The explosion of off the shelf advanced Artificial Intelligence models is going to dramatically alter Trust & Safety operations. But such tools are not new. Trust & Safety teams have used machine learning models for years; our experience with those tools suggests that the ambiguities associated with their error rates means that the most impactful use cases often involve process improvements rather than simply allowing automated systems to make take-down / leave-up decisions.
Trust & Safety teams use automated systems for a range of reasons, including the extraordinary scale of digital media, the unreliability of human review teams at scale, and the cost associated with those processes. But using automation carries its own risks. Platforms worry about the overall accuracy of such tools, the risk that their errors will be wildly inexplicable, and that the system will miss high-severity but low-prevalence violations.
These concerns are valid. Trust & Safety teams regularly find that well-tuned AI models are more accurate than human reviewers at a large-scale. But AI systems all have error rates, and will always generate both false positives and false negatives. Falsely identifying something as violating may result in over-removals leading to frustrated users, bad PR, and revenue impacts. Falsely leaving violating content in place has many of the same consequences plus raises the risk of real-world harm. AI errors can also be hard to explain. Whereas human errors may be egregious, they often make sense - a misunderstood symbol, not recognizing satire, unfamiliar slang. To the contrary, some AI mistakes can seem almost random, which can undermine trust in the system. There are similarities though: just as AI systems are black boxes, you can never know for certain what a human reviewer was thinking precisely when they mislabeled something. And that is why oversight is so important in both cases.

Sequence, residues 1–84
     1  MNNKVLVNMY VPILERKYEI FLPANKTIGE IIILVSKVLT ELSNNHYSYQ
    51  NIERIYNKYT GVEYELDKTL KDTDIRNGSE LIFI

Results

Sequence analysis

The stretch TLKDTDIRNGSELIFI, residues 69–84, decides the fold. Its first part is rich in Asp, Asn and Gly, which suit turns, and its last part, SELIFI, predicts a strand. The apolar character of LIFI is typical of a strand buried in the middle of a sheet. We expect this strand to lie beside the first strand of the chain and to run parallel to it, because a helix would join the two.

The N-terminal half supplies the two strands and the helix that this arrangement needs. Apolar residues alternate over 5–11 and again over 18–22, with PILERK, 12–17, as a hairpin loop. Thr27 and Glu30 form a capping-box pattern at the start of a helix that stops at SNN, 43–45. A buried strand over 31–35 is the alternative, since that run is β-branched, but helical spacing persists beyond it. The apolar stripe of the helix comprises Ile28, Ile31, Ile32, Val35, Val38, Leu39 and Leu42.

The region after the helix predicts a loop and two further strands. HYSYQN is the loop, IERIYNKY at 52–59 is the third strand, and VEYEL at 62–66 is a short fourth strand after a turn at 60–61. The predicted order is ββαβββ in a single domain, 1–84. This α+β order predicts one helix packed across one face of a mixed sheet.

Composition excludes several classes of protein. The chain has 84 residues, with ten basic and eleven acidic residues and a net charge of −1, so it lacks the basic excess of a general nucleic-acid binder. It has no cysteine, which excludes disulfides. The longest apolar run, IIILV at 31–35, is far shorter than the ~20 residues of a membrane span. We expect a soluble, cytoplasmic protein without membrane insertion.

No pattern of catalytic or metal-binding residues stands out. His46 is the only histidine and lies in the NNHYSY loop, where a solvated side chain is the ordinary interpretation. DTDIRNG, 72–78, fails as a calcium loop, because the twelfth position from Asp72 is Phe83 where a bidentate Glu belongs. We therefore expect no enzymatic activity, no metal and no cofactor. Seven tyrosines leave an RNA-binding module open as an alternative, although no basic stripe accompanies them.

AI should always respect platform policy, which can vary significantly based on platform architecture, user-base, and strategy. This requires matching AI to the platform specifically and requires setting probability thresholds at which machine learning models may take certain actions. The challenge is that AI systems generally return a “confidence score,” – usually a number between 0 and 1 – that indicates the system’s relative certainty that the item violates a particular rule. The problem is that such scores often do not correspond neatly to the probability that the model’s input actually violates the relevant policy. For example, the OpenAI content moderation API returns a “category_scores” field “denoting the model's confidence that the input violates the OpenAI's policy (sic) for the [policy] category.” If the score is higher, then the model is more confident that the content violates OpenAI’s standard. Importantly, however, it is not clear exactly how much that likelihood increases as the category_score increases. As OpenAI explains, its confidence score (like many other models) does not represent a probability.
This disconnect between confidence scores and probability complicates things for Trust & Safety leaders. Policymakers generally want to determine actions based on the probability that an input to the classifier violates. For example, a policymaker might be comfortable removing content automatically if it is 95% likely to violate the policy. At an 80% probability of violation they might want to enqueue the content for human review. But AI models themselves generally do not consistently provide such probabilities, only a confidence score. As a result, policymakers generally want additional benchmarking and/or will bias toward including human oversight over their AI systems.
The good news is that classifiers can be useful for a variety of tasks beyond simply determining when to remove material from a platform - and some of that value can be captured even when the model’s results are less confident or the Trust & Safety leader does not trust the model.